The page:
MADISON, NJ – A sparsely attended Town Hall meeting for the 2014 budget, held Saturday morning, Feb. 1, still resulted in some probing questions and observations.
Assistant Borough Administrator Jim Burnet described the electric utility and how revenues and expenses have varied between actual numbers for 2006 and estimates for 2013 to 2015. Another chart showed capital and operating transfers from 1997 to 2013. The revised 2014 municipal budget shows a summary of revenues of $29,345,841, for a 14.26 percent change from 2013, or an increase of $3,663,434. Appropriations also reflect an increase of 14.26 percent.
Madison Mayor Robert Conley observed that the revenue from the electric utility will allow capital projects, such as infrastructure, to move forward. “There are a lot of elements and this is a good comfort level," Conley said.
Finance Chairman Ben Wolkowitz noted that a municipal budget is different than a person’s budget. “The only common aspect is money,” he said. “Everything else is different.”
In introducing "Budget 101," Wolkowitz said, “We need to understand what kind of Madison we want to live in.” He praised the police and fire departments and said the borough’s budget is capped at 2 percent. “We have little control over that,” he said of state regulations. Surpluses come from the electric utility, fees and permits as well as sale of property. “It’s too risky to plan on that,” Wolkowitz said of property sales. While Madison is a very appealing town, he said, residents who want to sell their homes on Belmont Avenue or Academy Street could face obstacles because of the condition of the roads. Both streets are scheduled to have road and curb work done in 2014.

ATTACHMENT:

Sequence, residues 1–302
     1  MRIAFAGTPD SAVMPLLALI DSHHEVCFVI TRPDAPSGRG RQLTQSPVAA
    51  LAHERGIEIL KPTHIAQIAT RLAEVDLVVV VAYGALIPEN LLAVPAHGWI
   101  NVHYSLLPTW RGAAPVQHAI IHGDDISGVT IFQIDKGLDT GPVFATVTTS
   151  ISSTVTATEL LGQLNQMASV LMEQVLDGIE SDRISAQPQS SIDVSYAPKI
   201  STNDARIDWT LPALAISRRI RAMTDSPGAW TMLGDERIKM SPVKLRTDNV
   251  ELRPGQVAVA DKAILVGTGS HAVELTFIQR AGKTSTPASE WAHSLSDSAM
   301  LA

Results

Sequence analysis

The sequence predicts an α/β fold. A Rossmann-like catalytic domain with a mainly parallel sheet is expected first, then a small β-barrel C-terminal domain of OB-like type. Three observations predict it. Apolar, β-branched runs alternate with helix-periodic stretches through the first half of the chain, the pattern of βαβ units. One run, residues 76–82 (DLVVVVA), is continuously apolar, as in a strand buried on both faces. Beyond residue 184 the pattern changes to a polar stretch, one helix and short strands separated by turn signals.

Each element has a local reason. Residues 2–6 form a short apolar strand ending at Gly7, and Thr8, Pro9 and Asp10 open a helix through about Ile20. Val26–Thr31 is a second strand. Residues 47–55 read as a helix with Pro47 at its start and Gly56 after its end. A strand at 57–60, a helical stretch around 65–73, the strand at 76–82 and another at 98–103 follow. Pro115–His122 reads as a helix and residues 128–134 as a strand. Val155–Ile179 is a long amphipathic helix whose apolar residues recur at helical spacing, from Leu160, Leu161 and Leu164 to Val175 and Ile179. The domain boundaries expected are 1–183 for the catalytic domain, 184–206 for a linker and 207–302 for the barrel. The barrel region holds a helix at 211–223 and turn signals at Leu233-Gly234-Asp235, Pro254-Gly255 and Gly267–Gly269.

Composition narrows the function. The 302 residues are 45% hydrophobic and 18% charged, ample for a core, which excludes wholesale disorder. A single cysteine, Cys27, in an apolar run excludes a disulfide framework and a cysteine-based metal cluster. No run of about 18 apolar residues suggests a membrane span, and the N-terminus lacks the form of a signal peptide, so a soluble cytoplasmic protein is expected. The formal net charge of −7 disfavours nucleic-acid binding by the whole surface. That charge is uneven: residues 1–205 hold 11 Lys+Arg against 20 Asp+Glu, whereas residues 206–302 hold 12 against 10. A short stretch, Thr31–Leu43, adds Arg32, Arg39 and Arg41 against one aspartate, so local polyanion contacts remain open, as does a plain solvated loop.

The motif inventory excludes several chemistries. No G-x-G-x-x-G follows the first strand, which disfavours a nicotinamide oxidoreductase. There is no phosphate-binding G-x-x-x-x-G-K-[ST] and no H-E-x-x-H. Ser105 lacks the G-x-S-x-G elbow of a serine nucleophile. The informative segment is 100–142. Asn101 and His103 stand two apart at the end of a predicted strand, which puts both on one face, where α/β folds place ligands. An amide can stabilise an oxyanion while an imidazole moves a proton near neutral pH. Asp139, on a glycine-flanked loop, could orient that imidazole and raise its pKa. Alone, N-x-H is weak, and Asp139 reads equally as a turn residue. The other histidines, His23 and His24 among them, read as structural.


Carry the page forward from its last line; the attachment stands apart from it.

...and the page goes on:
“I believe there are no differences in the objectives among council members. It’s how quickly we can do these projects,” Wolkowitz said. “I’m inclined to take more risk, with no property tax increase. We can afford it.” Wolkowitz said last year there was a minor tax increase, but the reassessment, which was required by the state, caused taxes to go up. “It was worse than anticipated," he said. The councilman also urged providing a meaningful pool of money and a rebate to those who are on limited incomes, especially seniors and disabled residents.
The councilman distributed a paper with questions about municipal services, electric rates and budget priorities. It also included a comparison of services provided in Madison and the tax per person compared to nearby Chatham, Morris Township, Florham Park and Harding. Madison had the lowest rate and provided more services, including a senior center and van, leaf pickup, garbage, and sewer as well as the electric utility.
“This is a political paper,” said Councilman Patrick Rowe, who objected to such questions as preferring reliable power or a lower electric rate.
Conley said this is not the time to debate those issues as he wanted to move on to the public portion of the meeting. The mayor established ground rules and asked residents to respond to what they liked and didn’t like about Madison, what their priorities would be if they were serving on council and whether there were ideas for generating revenue or reducing expenses.
There were also concerns about keeping the downtown viable, eliminating leaf collection in favor of composting instead, and determining what municipal services could become self-sufficient.